Overseas, Jean Dujardin is the coolest cucumber around. Domestically, however, despite a Best Actor Oscar, Dujardin is just another handsome French actor, albeit one who stole the show in The Monuments Men and The Wolf Of Wall Street. Thanks to Drafthouse Films, however, that's looking to change. Jean Dujardin's about to hit our shores in the Frenchiest French movie that ever Frenched, La French.
Drafthouse Films has announced they've nabbed the domestic distribution rights for the actioner, which showcased an eight minute sizzle reel at Cannes. Drafthouse Films CEO and founder Tim League awesomely says, "One of our goals is to get young audiences excited about foreign language film... We combed the market and devoured the official selections. Nothing excited us more than La French." Foreign films are behind the eight ball: U.S. box office for the top five foreign films has declined by 61% over the last seven years, according to this Indiewire piece, and too many of them are simply providing fodder for English-language remakes. League is doing God's work, folks.
La French is a period piece set in the 1970's, based upon the story of the judge who dedicated his life to bringing down the French Connection. The French Connection, for those of you not up on your drug history, was an elaborate, decades-old method of trafficking heroin from Turkey to France, and then through Canada into America. This procedure was almost singlehandedly responsible for the bulk of heroin abuse in America during the sixties and seventies, particularly in New York City. And hey, they even made a movie about that. You should see it sometime.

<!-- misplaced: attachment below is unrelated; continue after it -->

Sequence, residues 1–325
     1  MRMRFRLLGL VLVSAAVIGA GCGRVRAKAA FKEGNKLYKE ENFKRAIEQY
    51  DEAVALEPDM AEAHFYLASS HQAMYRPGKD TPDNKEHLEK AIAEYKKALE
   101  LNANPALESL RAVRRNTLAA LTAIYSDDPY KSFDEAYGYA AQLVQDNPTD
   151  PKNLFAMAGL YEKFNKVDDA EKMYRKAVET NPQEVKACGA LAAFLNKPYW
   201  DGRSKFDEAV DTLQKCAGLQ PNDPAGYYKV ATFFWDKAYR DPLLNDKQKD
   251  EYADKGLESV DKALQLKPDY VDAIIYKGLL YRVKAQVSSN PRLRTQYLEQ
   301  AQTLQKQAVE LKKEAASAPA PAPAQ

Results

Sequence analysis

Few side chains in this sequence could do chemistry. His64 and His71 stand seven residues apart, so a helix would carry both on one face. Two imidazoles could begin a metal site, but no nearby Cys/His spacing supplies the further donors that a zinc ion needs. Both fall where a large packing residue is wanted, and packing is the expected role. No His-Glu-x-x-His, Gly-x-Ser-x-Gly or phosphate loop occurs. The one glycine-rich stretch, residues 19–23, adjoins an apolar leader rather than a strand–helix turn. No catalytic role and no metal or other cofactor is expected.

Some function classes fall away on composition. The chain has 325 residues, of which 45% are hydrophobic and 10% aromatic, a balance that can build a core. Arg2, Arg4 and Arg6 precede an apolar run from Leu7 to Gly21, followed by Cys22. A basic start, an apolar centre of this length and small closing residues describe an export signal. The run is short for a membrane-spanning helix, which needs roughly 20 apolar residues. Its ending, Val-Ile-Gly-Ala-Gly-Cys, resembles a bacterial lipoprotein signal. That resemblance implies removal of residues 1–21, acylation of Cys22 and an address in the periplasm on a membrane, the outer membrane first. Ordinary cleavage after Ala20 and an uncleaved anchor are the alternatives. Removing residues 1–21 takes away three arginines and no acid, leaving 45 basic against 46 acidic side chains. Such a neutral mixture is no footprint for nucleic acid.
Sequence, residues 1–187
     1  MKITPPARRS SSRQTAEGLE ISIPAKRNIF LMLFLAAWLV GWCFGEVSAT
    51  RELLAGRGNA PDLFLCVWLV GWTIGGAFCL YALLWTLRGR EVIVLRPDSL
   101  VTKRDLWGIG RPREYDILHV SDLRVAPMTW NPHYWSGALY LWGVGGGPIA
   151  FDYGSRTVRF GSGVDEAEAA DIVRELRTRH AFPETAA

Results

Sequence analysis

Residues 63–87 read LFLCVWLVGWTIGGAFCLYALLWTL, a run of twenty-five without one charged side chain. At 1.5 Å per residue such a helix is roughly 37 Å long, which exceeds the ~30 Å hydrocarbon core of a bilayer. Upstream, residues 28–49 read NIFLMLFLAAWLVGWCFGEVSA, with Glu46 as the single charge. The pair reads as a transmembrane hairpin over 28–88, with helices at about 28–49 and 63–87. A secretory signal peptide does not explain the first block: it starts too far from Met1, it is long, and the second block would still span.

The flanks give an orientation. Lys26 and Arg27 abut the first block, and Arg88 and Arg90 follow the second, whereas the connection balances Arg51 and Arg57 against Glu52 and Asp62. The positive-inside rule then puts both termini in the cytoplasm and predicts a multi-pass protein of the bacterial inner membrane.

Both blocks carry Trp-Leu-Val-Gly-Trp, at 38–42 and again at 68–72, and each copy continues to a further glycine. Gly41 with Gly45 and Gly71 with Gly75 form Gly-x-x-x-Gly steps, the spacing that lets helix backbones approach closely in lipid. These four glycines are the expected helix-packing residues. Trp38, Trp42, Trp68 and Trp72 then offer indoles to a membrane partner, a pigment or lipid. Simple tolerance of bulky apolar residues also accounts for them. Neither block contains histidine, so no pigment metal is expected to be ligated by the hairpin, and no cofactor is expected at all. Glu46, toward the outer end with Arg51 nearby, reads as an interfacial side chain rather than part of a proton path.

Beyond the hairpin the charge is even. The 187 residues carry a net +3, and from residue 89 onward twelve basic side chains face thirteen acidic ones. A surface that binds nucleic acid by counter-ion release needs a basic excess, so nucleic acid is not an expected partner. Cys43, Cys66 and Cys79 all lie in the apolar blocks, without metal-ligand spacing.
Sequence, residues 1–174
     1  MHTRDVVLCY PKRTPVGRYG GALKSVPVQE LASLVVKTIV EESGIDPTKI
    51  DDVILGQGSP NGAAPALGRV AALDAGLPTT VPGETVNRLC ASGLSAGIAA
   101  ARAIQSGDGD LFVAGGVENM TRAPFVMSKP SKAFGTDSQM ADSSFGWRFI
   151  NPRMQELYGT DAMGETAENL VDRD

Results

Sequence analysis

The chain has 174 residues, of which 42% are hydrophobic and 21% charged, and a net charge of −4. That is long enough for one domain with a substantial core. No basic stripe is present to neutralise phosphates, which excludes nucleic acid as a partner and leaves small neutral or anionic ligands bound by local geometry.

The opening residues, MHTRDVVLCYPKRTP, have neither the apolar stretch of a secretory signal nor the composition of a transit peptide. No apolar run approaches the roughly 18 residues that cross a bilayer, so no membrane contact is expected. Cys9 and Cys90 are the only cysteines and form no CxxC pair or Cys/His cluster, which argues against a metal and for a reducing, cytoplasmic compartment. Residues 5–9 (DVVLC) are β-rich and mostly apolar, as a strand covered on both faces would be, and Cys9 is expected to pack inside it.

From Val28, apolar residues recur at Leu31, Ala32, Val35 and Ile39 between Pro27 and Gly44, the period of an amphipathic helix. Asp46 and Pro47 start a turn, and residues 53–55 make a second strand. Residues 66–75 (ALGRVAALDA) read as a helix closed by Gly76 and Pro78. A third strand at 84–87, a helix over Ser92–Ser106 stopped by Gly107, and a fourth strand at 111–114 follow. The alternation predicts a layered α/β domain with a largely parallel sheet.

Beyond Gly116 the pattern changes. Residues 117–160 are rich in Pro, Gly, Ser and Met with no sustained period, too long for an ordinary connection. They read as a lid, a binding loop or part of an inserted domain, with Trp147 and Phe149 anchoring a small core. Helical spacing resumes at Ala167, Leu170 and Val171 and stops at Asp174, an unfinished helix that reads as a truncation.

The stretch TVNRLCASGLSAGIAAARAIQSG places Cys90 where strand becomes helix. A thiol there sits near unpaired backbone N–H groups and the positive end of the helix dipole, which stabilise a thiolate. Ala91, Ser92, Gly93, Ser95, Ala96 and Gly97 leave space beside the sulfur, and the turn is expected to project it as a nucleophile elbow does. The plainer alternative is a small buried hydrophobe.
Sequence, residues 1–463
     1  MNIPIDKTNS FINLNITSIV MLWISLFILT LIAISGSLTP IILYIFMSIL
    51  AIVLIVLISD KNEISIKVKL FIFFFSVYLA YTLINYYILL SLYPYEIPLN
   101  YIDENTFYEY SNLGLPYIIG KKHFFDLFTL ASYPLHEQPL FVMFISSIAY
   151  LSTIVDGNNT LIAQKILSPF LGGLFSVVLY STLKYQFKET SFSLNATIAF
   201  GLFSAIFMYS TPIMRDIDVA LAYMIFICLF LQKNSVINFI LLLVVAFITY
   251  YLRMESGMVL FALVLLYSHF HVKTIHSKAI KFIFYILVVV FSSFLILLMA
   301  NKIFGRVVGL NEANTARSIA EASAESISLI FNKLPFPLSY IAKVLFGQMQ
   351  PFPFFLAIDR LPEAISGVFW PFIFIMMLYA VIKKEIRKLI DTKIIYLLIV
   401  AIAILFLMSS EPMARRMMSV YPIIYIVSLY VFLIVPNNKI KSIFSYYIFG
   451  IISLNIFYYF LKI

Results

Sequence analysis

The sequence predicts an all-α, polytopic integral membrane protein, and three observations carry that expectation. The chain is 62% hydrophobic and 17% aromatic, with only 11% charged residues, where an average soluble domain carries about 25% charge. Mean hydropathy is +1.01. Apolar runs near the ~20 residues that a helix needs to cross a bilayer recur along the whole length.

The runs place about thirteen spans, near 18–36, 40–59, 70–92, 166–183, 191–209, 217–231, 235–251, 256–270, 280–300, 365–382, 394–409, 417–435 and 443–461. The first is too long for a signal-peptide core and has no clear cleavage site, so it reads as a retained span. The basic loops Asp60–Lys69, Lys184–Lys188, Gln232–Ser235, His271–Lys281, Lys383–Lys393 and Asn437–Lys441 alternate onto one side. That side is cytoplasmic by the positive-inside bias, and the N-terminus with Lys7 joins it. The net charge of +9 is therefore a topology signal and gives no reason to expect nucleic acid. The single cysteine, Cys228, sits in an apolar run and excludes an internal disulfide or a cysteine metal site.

Jean Dujardin will be co-starring with Gilles Lellouche, the star of Gaelic hits Little White Lies, Point Blank and Tell No One. Cedric Jimenez is directing, and the film is being shot in 35 MM, with select theaters in America (likely Alamo Drafthouses) showcasing not only the film in that format, but a block of trailers for a host of other French crime thrillers, some of which seem to be inspiring this latest film. Drafthouse has also planned a vintage VHS release of the film for home distribution, a unique gesture that speaks to the legacy of the genre.
La French is likely indebted to the poliziotteschi genre, a type of crime film that emerged out of Italy and inspired the gritty American crime films of the sixties and seventies. They often made these films in France as well, and often they were featuring notable American actors and filmed without sound, later dubbed into another language in the style of spaghetti westerns. These films were often seedier, more violent, and more profane than their American counterparts, sharing the common thread of a bleak outlook on life and an absolutely jamming soundtrack provided by the likes of Stelvio Cipriani, Guido & Maurizio Angelis or even Ennio Morricone. Hopefully, La French sounds just as awesome.
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